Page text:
Tuesday, May 02, 2006

Stephen Colbert, Part II

The President is merely the most important among a large number of public
servants. He should be supported or opposed exactly to the degree which is
warranted by his good conduct or bad conduct, his efficiency or inefficiency in
rendering loyal, able, and disinterested service to the nation as a whole.
Therefore it is absolutely necessary that there should be full liberty to tell
the truth about his acts, and this means that it is exactly as necessary to
blame him when he does wrong as to praise him when he does right. Any other
attitude in an American citizen is both base and servile. To announce that there
must be no criticism of the President, or that we are to stand by the President,
right or wrong, is not only unpatriotic and servile, but is morally treasonable
to the American public. Nothing but the truth should be spoken about him or any
one else. But it is even more important to tell the truth, pleasant or
unpleasant, about him than about any one else. - Theodore

Good advise from a good President. Not that many people in the Main Stream Media believe or practice it.

The problem is that Colbert told the truth. The members of the press that attended that night, the ones that got all queasy listening to Colbert, while watching the President go sour, couldn't attack Colbert on content in their columns. So they just decided that he wasn't funny and decided to dismiss him.

So it goes in my favorite paper the Washington Post. Columnist Dan Froomkin started out OK, but his infatuation with White House babe Kristen Silverberg, was his biggest event of the night.

So let me tell you a bit about my night. After exchanging brief pointless
smalltalk with Tony Snow, Dan Bartlett and even George Clooney at the Newsweek
pre-dinner party, I repaired to the ballroom where I found myself sitting next
to -- of all people -- Kristen Silverberg.

Now you may not know who Kristen Silverberg is, but I've been following her
movement through Bush's inner circle for quite a while now. First she was a
campaign worker, then a young aide in the chief of staff's office, then a
high-level policy adviser.

In pretty much any other circumstance, if I had a chance to talk to Kristen
Silverberg, I would grill her about Bush's plans for Iran, or about her mentor
Karl Rove, or on the inner workings of the White House.

But here she was sitting next to me as the guest of a Washington Post White
House correspondent, and it wouldn't have been appropriate. Not to mention,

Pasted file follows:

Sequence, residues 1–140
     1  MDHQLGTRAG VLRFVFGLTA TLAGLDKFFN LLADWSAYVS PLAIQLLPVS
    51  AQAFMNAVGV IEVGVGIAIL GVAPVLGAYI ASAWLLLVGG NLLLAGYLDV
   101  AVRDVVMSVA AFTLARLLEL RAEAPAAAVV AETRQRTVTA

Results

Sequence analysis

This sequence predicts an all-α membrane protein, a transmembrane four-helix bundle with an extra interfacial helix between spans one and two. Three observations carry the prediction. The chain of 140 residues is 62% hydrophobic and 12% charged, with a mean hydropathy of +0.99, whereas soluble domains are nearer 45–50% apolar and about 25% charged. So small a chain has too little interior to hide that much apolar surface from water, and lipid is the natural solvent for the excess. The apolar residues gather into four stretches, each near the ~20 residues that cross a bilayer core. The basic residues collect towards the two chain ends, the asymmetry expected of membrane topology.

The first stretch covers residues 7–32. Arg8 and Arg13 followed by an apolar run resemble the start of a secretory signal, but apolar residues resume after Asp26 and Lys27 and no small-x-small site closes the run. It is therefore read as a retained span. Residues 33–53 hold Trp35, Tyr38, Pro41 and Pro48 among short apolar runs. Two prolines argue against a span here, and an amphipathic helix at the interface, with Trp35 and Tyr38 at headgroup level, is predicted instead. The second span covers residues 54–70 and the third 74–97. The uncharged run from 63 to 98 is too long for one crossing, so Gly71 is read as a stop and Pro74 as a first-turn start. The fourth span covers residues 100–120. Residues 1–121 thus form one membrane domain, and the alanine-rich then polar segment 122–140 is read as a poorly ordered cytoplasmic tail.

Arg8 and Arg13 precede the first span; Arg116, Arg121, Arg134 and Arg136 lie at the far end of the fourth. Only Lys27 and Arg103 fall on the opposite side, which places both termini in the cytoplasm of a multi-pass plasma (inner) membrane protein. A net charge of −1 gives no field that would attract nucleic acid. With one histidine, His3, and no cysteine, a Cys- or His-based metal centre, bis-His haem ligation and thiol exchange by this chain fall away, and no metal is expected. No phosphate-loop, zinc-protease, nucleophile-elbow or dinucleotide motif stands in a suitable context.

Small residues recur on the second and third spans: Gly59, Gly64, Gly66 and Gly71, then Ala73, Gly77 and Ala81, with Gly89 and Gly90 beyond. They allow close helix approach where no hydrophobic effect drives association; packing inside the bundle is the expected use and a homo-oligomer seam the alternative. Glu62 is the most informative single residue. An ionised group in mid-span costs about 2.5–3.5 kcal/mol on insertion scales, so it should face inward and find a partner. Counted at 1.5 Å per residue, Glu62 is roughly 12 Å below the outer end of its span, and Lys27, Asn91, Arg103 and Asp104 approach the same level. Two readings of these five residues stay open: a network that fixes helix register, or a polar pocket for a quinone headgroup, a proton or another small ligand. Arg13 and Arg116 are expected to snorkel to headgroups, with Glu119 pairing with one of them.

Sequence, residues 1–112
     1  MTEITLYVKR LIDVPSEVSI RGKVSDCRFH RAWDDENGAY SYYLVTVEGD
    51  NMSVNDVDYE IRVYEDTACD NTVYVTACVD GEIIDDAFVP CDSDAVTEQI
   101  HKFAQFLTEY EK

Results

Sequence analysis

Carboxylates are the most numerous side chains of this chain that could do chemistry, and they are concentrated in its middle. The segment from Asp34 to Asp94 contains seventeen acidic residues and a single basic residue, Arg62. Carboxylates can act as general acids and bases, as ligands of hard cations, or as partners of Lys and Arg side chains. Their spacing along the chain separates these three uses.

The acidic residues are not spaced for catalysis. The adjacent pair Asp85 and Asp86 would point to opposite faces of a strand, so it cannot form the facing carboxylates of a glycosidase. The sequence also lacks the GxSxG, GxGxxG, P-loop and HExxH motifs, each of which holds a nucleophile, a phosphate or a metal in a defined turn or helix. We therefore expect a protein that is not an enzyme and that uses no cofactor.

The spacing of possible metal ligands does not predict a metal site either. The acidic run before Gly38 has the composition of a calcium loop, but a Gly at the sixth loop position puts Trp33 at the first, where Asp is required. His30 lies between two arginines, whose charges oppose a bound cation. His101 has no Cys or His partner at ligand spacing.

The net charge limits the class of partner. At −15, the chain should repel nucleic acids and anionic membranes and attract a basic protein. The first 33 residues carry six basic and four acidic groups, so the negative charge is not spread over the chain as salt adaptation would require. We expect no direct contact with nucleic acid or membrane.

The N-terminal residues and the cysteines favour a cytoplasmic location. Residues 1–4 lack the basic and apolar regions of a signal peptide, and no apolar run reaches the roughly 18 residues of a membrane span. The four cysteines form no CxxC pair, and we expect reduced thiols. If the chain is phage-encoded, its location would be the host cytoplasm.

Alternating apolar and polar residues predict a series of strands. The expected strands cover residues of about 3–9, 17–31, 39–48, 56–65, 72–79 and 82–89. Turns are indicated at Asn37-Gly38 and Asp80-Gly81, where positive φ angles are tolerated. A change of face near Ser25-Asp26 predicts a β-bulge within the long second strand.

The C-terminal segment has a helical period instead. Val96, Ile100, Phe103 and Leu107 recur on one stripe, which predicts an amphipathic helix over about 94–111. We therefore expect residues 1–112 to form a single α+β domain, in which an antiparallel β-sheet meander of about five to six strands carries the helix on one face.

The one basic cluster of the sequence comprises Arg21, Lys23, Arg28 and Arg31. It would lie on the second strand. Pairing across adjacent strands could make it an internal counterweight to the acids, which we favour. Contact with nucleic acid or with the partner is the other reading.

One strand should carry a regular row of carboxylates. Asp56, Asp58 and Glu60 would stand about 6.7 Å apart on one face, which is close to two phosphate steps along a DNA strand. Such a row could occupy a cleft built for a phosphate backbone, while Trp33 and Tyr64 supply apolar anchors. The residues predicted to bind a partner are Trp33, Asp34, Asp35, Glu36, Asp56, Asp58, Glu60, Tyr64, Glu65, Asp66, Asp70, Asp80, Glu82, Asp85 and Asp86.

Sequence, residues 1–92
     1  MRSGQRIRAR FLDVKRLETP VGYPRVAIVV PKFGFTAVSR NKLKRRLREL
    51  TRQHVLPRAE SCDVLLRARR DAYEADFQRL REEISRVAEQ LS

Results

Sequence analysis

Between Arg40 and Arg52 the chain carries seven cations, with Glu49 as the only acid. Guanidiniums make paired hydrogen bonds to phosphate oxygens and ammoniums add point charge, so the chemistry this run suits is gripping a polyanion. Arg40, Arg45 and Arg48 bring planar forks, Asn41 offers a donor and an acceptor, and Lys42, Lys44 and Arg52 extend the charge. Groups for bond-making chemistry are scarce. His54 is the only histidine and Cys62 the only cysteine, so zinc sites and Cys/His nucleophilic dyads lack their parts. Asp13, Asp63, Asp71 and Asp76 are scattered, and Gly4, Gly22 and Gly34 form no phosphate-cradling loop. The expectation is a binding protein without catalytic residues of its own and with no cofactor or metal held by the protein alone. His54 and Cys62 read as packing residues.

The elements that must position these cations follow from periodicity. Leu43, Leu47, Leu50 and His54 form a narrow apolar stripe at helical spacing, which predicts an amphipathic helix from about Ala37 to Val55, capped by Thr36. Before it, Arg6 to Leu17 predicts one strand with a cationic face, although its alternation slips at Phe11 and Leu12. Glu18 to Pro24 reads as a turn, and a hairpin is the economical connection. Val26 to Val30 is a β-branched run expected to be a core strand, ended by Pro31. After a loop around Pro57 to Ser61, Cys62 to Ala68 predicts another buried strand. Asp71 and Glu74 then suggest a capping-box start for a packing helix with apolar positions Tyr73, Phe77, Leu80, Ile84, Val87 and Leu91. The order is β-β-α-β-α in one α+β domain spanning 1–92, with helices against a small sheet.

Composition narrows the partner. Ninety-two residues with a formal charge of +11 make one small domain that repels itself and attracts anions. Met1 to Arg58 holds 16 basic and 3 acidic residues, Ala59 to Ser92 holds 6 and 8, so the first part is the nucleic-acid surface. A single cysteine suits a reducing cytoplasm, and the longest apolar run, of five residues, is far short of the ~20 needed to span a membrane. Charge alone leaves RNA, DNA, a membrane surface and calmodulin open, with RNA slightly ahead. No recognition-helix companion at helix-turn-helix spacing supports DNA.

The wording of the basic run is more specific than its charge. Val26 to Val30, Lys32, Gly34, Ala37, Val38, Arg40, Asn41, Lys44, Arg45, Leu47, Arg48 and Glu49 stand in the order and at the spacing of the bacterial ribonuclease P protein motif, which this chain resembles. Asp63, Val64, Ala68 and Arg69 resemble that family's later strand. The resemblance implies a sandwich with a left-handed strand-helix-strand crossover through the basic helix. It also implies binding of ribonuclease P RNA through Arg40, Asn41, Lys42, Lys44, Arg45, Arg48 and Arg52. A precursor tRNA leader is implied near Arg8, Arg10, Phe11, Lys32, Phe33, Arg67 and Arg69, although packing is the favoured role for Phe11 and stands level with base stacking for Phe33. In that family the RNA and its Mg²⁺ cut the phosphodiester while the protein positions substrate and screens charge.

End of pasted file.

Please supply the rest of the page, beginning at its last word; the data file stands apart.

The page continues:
she's sweet as pie. Heck, I was pushing the limits of propriety by introducing
her to everyone at the table this way: "She's John Bolton's boss!!!"

Howard Kurtz, a staff writer for the Post, I guess staff writer means someone who does four pages of cut and paste, wandered off topic about two-thirds of the way through. But he did make it perfectly clear that he didn't get the coverup memo. And he actually showed two clips of Colbert on his show on CNN.

What's more, you may be interested to know that there's a MEDIA COVERUP of the
Colbert performance. The MSM don't want you to know about how the Comedy Central
man made them look bad! (Never mind that the thing was carried on C-SPAN and the
video is widely available online. I played two clips of Colbert on my CNN show,
so apparently I didn't get the memo.)

I wonder how Teddy Roosevelt would have written it?

BTW, I mean no offence by the cut and paste remark, it's what I do.

Update: Bush aides think he's bigger joke than Colbert. I agree.

Colbert's routine was similar to what he does on his show, the Colbert
Report, but much longer on the topic of Bush, suggesting that the president is
out of touch with reality. Aides and reporters, however, said that it did not
overshadow Bush's own funny routine, which featured an impersonator who told the
audience what Bush was thinking when he spoke dull speech lines.

In fact, some aides crowed over reports that the president easily bested
Colbert in the reviews of both comedy acts.


  1. It comes down to one simple thing. There was nothing in what Colbert said that was a joking matter. It was as if he turned the tables on them and simply spoke truth. What was so shocking to Bush himself, Laura, all the Bushies mouthpieces and Bushie shills was that Colbert simply described their malfeasance, lies, and journalistic failures. There was nothing funny about it.

  2. I think that the reporters were expecting something indulgent and naughty, along the lines of a roast. That's what the President gave them.
    They weren't expecting earnest political satire. I LOVE Colbert, and he does his thing well, but it was the wrong venue.
    Such incision was lost on that crew, partying it up and full of self-love. It's more of a celebrity-studded affair where you can mix, mingle, and hit on members of the opposite team (no politicians v. press for one night only!), where the biggest stories are usually about who got too drunk to be coherent, or like Froomkin in his blog, who ogled whom.

  3. I think its great. Its about time someone faced up to him and told him what the world thinks. Our media is bouth and payed for, so we know they won't stand up to him.


I did not mean that Conservatives are generally stupid; I meant, that stupid persons are generally Conservative. I believe that to be so obvious and undeniable a fact that I hardly think any hon. Gentleman will question it.

John Stuart Mill (May 20 1806 – May 8 1873)